Bill Shorten wants to be "in public life" for the next 20 years
I'll be on with Charles Ortel and Jason Goodman at 3PM New York time today, Sunday 6 October

Tony Abbott finally speaks out - "Turnbull's ambition was my undoing"

This is way overdue.

Liberal Party elders should follow Tony's lead here in outing Turnbull for the ambitious, damaging flake that he is.

Beyond Tony's observation about Turnbull, the most important thing he says in this interview with Troy Bramston is this:

“No party can represent the country as wholeheartedly as we (the Liberal Party) can,” he said. “First, because no particular section owns us the way the unions own the Labor Party. And, second, because we have not succumbed to the siren song of globalism to anything like the ­extent that the political left has.”

Tony's point about Labor and the unions is spot on.  Tony was well on the way to seriously tackling union corruption when he was rolled by Turnbull.  Turnbull's first act as PM was to appear on the ABC's 730 program to say, "We're not going to war with the unions".  From that point the Trade Union Royal Commission went soft, ultimately releasing an incredible statement clearing Bill Shorten of involvement in the obvious corruption within the AWU during his time as its Victorian and national chief.

Left to his instincts I think Tony would have hammered Labor and its corrupt links to corrupt unions at the 2016 election.  Instead Turnbull's double dissolution resulted in the loss of 14 seats for the LNP and very nearly handed government to Bill Shorten.

Tony is also correct in noting that he made mistakes.  I saw several of them first hand.  I hope he's learned - and more importantly that his conscience will drive him to correct at least one of them.

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Tony Abbott concedes he made mistakes as prime minister but overwhelmingly blames Malcolm Turnbull’s overweening ambition for his government’s demise four years ago.

In his first long post-election interview to mark the Liberal Party’s 75th anniversary, Mr ­Abbott said he wished he had longer than two years as prime minister and did not rule out a ­return to parliament.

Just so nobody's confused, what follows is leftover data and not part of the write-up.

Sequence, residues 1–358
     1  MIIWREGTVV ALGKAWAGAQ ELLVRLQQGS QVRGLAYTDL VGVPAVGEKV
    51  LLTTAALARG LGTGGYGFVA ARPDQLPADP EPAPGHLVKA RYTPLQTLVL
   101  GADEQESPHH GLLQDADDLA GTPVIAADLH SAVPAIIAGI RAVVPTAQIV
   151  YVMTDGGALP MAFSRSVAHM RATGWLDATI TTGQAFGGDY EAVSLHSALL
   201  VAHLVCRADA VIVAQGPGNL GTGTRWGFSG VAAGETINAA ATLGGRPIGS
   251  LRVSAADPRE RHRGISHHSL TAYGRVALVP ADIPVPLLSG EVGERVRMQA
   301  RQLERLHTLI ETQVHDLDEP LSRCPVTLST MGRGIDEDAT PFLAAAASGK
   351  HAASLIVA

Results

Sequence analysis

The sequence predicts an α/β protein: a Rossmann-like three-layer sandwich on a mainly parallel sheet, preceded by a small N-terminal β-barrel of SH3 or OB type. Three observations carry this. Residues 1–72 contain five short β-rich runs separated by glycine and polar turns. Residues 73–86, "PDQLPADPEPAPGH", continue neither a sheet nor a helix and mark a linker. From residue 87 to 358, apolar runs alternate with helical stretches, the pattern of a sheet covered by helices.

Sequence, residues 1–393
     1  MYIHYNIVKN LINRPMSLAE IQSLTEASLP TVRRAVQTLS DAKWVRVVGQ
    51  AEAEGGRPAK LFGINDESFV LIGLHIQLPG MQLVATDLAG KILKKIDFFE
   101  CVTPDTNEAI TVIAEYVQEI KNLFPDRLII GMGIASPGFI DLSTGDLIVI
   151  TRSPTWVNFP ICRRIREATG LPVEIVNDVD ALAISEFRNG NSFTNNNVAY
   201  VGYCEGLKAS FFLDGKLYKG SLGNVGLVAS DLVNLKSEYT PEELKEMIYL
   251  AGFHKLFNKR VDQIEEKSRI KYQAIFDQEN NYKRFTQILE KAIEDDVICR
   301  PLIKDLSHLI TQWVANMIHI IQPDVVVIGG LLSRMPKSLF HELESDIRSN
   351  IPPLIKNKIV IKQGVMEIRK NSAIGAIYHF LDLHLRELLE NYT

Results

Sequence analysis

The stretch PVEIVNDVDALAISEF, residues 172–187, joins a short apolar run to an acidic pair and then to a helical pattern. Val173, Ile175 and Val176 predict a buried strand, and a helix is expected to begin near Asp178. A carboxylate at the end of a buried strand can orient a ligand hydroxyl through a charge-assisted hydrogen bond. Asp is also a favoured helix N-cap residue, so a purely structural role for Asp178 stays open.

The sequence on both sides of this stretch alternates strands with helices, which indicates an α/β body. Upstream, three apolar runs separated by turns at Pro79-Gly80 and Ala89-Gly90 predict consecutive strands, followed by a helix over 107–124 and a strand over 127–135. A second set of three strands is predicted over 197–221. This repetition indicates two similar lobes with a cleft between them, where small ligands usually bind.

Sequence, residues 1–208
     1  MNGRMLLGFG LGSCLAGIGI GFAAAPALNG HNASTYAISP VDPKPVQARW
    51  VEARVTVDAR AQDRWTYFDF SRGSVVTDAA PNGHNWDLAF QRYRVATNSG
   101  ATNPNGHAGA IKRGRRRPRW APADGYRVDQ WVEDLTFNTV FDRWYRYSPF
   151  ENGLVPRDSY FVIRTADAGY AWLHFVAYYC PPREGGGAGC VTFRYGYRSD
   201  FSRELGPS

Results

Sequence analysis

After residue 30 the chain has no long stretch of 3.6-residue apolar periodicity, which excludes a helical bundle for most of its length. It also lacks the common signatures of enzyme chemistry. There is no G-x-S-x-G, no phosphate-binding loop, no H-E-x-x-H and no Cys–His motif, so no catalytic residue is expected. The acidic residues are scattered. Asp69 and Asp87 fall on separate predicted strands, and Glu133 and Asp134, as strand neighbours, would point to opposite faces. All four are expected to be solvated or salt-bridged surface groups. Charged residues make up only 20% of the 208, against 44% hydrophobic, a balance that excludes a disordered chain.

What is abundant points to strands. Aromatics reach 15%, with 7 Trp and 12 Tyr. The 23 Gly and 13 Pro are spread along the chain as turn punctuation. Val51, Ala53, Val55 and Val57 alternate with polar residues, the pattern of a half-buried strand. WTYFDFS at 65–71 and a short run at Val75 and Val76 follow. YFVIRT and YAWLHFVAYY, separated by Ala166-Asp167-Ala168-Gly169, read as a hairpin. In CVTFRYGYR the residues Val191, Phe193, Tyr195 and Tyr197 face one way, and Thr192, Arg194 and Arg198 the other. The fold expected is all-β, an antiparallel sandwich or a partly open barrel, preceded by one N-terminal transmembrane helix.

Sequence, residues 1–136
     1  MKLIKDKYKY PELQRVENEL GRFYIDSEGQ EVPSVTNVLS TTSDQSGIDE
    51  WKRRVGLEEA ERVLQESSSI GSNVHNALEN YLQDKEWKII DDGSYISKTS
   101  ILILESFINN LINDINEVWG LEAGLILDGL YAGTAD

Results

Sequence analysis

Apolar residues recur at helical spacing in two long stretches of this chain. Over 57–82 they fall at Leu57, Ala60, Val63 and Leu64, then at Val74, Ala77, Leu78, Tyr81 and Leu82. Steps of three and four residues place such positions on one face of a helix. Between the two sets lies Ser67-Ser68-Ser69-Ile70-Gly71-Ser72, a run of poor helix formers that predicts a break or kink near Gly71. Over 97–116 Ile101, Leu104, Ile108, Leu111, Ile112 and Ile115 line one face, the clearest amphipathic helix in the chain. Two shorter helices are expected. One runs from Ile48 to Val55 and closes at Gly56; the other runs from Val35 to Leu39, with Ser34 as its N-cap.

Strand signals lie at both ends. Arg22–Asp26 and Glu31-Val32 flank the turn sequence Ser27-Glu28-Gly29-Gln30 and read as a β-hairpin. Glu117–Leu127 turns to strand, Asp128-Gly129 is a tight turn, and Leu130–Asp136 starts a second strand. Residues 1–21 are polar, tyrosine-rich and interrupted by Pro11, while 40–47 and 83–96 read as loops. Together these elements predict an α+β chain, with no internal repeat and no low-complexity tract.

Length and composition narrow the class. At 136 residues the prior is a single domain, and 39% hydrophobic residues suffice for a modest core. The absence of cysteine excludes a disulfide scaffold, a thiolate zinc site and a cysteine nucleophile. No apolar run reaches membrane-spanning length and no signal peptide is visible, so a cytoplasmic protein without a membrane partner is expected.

“It wasn’t that we had a divided government, it was more that there was one person who was ­determined to get to the top by hook or by crook,” Mr Abbott said. “Malcolm always thought it was his destiny to be prime minister and I happened to be the ­obstacle to that and so he dealt with me as best he could.”

While Mr Abbott said he had “mostly” forgiven those who had turned against him and had no “lasting enmities”, he would consider returning to parliament.

“If the Liberal Party ever wanted me to do that, I would be more than happy to consider it, but I find it difficult to imagine the circumstances that they would want me,” he said.

“I’m not ruling it out but I’m not expecting it to happen.”

Reflecting on his prime ministership (2013-15), Mr Abbott recognised there were things that caused him “a lot of grief” but he stood by his decision to reintroduce knights and dames into the Australian honours system, and suggested they be reintroduced.

“If we are going to have an honours system (then) I think that at the apex of the system we should have knights and dames,” he said.

“If you are a tradition-minded leader of a centre-right party, that’s exactly the kind of thing that you should do. At the heart of our centre-right tradition, it is not so much reform but restoration.

“I should have found a way of doing in this country what they did in New Zealand when John Key brought it back (by) up­grading the ACs to AKs. And I shouldn’t have made it the prime minister’s personal pick, it should have been the Council of the Order of Australia which did it.”

With the Liberal Party having governed nationally for 48 of its 75 years, Mr Abbott said it could reasonably claim to be Australia’s natural party of government.

“No party can represent the country as wholeheartedly as we can,” he said. “First, because no particular section owns us the way the unions own the Labor Party. And, second, because we have not succumbed to the siren song of globalism to anything like the ­extent that the political left has.”

Mr Abbott said the Liberal Party was the custodian of three principal political traditions — liberalism, conservatism and patriotism — but the key to Scott Morrison’s election victory was being more pragmatic than ­ideological.

“There’s the liberal strand, there’s the conservative strand and, above all else, there’s the patriotic strand,” he said about the Liberal Party’s philosophy. “Yes, we are the freedom party, yes we are the tradition party but above all else we are the patriotic party.

“What we always need to do is to ask ourselves what are the ­issues that are troubling people at this time and come up with ­feasible, understandable ways ­forward. We certainly looked the more practical and the less ideological of the two parties at the last election, and that’s why we won.”

The former prime minister, who was a guest at the British Conservative Party conference in Manchester last week, praised US President Donald Trump and British Prime Minister Boris Johnson for putting their nations first.

“There has been a much greater sense of the nation state and of good old-fashioned patriotism in the approach of Trump and Trump’s Republicans and in the approach of Johnson and Johnson’s Conservatives,” Mr Abbott said. “I also think that one of the reasons why we succeeded in 2013 was because we had a no-­nonsense approach to border protection which put Australia first.”